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7 Tips for choosing your Linkedin photo

Linkedin is a Social Media site with a business focus. Unlike Facebook, Snapchat, Instagram and other Social Media sites, this site focuses on business networking, which is why, more so than other social sites, it’s important to get your Linkedin Profile picture right. 

Linkedin itself, states that photos which are of a higher quality receive up to 21x more profile views and are 9x more connections. To me those stats make it in an easy decision. 

So how do you choose a photo for Linkedin? 

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Make sure it is up-to-date

It might still look great but if it doesn’t look like you currently don’t use it.

It’s incredibly common for people to keep using the same photo for years if not decades, but those people also find that they are met with confusion at interviews and/or client meetings when they aren’t recognised straight away. 

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Your face should occupy >60% of the photo

You have the perfect photo but you have cropped it and/or displayed it in a way that when your profile is viewed you struggle to make out your face.

It’s an easy thing to do, but bear in mind it makes it hard for people to see who you are. Perhaps it’s purposeful due to security concerns, but if not try to crop it in a way that showcases your face the most. People will be able to recognise it’s you Sam smith that they know from London, and not Sam Smith from Hull. 

To smile or not to smile (that is the question)

Knowing what facial expression to do can be hard, but these questions might help you narrow it down:

If you work with clients what clients do you have? Are they more serious than most or are they relaxed? If you have meetings in t-shirts a casual photo with a nice smile might be the best option. If you all wear sharp suits and ties perhaps less of a smile and more of a serious expression.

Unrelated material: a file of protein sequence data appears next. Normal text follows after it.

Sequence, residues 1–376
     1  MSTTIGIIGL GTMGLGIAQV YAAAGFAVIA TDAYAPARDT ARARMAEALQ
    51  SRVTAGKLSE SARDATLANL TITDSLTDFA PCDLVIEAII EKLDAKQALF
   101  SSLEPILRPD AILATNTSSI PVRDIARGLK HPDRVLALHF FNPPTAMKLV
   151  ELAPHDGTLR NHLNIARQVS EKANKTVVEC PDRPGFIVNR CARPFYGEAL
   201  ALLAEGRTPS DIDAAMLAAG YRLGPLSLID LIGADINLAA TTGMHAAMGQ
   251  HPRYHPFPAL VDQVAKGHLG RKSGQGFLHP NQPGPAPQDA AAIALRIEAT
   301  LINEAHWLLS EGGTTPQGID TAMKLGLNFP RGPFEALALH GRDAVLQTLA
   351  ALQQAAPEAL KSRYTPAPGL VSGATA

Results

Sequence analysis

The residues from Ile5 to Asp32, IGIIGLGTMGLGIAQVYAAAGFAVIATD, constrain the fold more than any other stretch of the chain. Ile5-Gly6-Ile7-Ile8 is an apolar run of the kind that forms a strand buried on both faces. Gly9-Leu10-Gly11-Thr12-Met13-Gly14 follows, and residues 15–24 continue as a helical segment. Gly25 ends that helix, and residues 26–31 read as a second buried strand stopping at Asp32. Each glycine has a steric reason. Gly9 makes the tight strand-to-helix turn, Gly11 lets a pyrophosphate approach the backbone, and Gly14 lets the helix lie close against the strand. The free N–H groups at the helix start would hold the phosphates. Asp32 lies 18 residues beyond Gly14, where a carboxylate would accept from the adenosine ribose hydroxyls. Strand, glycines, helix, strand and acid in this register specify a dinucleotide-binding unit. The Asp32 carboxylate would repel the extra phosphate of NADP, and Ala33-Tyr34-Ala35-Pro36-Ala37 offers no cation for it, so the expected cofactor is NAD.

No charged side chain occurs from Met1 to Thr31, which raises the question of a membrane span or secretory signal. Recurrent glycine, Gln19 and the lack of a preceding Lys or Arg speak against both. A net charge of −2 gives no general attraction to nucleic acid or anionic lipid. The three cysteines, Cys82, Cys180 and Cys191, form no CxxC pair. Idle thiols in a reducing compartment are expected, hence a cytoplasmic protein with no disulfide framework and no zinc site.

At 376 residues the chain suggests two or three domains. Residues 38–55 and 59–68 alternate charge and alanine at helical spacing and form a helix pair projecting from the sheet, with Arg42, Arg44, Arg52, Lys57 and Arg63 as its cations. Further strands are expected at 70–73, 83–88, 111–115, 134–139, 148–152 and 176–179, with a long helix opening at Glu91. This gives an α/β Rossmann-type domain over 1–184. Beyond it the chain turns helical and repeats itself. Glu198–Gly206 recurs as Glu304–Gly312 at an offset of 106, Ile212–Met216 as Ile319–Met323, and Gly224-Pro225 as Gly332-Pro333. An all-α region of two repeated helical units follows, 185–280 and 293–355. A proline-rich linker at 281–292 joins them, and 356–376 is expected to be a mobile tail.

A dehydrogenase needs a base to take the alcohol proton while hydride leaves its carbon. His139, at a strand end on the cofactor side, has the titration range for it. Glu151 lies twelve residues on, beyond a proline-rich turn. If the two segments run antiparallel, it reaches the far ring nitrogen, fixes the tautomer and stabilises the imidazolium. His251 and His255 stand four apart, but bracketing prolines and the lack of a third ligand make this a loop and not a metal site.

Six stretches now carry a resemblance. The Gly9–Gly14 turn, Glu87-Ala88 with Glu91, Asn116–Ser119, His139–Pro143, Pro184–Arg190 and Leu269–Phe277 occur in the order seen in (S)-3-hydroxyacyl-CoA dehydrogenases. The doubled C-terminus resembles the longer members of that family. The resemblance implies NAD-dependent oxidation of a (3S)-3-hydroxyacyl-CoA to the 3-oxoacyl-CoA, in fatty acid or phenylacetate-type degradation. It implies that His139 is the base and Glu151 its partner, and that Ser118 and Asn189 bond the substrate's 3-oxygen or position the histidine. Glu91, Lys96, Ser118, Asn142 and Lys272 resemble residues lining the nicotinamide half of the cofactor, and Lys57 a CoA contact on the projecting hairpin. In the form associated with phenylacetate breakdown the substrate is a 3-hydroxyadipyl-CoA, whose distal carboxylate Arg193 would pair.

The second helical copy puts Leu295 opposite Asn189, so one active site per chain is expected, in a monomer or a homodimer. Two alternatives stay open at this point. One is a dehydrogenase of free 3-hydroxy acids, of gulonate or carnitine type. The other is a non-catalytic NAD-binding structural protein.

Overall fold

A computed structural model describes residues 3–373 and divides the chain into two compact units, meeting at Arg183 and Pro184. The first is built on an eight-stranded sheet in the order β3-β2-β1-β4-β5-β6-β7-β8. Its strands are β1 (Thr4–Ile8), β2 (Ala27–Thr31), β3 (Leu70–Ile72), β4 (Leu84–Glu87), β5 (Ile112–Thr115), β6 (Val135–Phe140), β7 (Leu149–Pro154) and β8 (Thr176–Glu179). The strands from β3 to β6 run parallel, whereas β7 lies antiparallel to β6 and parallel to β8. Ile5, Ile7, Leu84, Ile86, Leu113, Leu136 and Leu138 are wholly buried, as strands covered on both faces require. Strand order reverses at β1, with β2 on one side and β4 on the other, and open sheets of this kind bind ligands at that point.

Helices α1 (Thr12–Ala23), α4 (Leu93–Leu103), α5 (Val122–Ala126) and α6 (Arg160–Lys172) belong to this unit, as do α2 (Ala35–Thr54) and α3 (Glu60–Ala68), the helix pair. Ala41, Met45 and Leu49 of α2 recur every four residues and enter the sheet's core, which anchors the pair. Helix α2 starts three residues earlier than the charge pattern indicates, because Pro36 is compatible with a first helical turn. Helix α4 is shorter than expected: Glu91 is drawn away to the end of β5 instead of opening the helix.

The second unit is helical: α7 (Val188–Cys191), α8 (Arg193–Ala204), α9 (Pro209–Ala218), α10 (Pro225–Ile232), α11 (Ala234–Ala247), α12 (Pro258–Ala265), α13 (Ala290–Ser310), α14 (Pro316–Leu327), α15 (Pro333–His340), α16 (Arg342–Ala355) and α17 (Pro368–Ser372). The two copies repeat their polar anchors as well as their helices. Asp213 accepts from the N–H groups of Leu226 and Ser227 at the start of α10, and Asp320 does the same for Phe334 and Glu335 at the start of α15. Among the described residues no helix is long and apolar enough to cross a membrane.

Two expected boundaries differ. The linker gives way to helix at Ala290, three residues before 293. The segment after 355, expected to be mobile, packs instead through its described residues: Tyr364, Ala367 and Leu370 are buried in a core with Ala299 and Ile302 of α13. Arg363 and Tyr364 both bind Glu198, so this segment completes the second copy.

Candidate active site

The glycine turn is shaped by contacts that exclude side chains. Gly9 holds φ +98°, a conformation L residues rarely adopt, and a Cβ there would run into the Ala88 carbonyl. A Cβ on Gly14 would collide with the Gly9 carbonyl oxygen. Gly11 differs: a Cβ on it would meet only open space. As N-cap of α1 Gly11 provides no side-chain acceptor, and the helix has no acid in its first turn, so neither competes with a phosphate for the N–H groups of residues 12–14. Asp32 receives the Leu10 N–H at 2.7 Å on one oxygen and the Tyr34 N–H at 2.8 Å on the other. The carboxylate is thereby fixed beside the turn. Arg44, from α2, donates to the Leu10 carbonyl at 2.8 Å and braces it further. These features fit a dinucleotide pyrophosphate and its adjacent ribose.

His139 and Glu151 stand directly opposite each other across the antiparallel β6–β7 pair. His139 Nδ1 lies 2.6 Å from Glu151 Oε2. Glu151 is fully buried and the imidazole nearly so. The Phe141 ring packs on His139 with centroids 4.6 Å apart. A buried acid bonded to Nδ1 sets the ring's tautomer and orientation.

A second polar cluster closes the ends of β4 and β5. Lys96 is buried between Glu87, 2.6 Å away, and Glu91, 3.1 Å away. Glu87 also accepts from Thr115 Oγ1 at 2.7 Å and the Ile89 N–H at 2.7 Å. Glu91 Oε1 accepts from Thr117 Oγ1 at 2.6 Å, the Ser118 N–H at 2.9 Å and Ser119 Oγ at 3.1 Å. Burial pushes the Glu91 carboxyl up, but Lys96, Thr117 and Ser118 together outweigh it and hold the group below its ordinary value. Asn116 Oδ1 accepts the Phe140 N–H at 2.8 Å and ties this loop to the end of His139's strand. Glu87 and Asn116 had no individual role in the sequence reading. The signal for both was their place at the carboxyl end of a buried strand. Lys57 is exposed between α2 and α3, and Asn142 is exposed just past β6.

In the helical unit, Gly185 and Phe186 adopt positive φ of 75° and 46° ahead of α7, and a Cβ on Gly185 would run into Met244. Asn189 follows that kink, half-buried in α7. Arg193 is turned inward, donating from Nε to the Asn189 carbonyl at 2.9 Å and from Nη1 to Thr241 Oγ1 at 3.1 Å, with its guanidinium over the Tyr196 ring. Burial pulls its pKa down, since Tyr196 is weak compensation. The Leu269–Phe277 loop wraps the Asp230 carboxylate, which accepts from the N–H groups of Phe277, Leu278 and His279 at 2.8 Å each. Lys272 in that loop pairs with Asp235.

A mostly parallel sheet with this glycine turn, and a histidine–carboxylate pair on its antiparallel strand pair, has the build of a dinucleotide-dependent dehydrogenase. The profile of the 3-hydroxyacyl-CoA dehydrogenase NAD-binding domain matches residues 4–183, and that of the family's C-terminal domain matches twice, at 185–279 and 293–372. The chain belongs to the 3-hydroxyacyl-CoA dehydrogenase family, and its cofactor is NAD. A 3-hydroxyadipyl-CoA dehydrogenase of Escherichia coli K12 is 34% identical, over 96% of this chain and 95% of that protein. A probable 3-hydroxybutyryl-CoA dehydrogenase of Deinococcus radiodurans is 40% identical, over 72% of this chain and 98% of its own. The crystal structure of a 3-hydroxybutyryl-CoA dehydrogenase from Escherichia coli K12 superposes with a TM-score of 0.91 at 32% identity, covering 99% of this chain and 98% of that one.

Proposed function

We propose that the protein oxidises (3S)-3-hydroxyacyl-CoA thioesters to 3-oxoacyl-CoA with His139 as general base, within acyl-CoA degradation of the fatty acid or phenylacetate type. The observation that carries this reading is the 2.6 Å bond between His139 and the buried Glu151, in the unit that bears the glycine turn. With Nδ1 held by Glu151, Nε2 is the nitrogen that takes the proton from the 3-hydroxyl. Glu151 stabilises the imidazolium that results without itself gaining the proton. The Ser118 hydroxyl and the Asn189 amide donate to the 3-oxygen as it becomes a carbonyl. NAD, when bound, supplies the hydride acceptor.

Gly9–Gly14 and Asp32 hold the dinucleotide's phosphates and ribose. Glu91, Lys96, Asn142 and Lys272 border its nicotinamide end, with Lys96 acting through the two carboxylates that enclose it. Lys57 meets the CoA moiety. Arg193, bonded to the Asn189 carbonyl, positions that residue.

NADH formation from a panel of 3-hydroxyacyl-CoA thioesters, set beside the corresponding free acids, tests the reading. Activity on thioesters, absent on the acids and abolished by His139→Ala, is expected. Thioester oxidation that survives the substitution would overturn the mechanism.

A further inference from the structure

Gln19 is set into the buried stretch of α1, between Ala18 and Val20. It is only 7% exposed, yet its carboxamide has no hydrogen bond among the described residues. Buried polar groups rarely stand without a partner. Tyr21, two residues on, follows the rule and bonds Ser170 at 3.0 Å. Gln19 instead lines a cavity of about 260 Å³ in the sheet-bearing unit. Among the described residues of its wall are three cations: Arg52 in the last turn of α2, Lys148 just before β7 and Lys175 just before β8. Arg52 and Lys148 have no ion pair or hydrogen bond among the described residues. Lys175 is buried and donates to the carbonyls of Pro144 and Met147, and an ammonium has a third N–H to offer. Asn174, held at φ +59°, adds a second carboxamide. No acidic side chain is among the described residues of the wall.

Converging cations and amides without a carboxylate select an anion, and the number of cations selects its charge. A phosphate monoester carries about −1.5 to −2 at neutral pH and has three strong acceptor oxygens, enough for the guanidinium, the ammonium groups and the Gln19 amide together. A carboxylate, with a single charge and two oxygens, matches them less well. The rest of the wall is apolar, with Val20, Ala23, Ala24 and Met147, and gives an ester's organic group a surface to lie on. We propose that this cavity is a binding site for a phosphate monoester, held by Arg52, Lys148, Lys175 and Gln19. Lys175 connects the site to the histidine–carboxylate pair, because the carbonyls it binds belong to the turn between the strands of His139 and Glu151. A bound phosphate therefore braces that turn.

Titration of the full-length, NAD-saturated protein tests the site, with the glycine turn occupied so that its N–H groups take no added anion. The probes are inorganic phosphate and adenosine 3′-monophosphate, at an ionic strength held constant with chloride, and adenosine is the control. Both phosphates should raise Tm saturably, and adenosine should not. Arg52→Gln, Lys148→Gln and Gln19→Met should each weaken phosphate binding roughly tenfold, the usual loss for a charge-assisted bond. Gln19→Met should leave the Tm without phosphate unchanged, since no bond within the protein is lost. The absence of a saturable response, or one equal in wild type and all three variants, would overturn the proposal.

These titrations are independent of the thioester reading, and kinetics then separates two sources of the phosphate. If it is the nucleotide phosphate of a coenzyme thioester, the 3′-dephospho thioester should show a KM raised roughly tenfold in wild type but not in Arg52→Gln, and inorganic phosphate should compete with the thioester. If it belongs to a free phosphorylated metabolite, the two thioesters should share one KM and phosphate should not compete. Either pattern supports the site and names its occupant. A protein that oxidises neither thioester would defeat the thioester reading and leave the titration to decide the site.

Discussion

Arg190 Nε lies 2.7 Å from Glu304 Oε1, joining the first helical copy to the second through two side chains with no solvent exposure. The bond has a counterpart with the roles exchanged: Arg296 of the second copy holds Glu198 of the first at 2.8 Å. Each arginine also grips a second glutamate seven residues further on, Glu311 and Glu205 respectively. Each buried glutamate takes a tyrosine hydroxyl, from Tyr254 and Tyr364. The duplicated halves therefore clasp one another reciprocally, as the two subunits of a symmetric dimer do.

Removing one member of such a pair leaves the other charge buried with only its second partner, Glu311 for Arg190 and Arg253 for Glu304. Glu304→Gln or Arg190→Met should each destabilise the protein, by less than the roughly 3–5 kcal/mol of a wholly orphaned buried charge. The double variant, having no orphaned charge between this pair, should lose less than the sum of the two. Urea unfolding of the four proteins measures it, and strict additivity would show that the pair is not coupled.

Does the company you work for have guidelines? Some companies can be stricter than others, but usually there are some rough guidelines in place for company based headshots. It doesn’t mean you have to use company headshots for Linkedin, but it might give you a good idea of what branding style to portray if you want to align with your company. 

What are you comfortable with? You might wear sharp suits but if you naturally smile a lot it might be nice to bring that into your photo as long as you’re happy with it. 

If in doubt of all of the above, I suggest a “half-smile” like the above picture. It seems strange to achieve perhaps, but it gives a nice balance between casual and formal. 

Keep an eye out for reflections

If you wear glasses it’s likely in quite a few photos, especially those taken with flash, that you have reflections in your glasses. Usually not large, but in some cases can completely detract from an image no matter how good the rest of it is. No pun intended but keep an eye out for these, it’s a shame to spend time setting getting a good photo only to have this small thing go wrong. 

To avoid such reflections/glare, think of where you the subject are facing, and if lights are involved think of the angle of the light vs. the angle of your face. Usually with a little bit of moving and perhaps placement of a white card in the foreground of where you are looking can solve the issue. 

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Keep it simple

The backdrops of photos and how focused they are can make a world of difference. Photos with simpler backdrops or out of focus backdrops allow the user to focus purely on you rather than perhaps the guy sitting behind you in your office. 

To keep things clean either try to use a plain wall  for a backdrop, or if you want the slight offic

e backdrop make sure you or your photographer uses a camera which will allow you to create a shallow focus (<f4.5). 

No group shots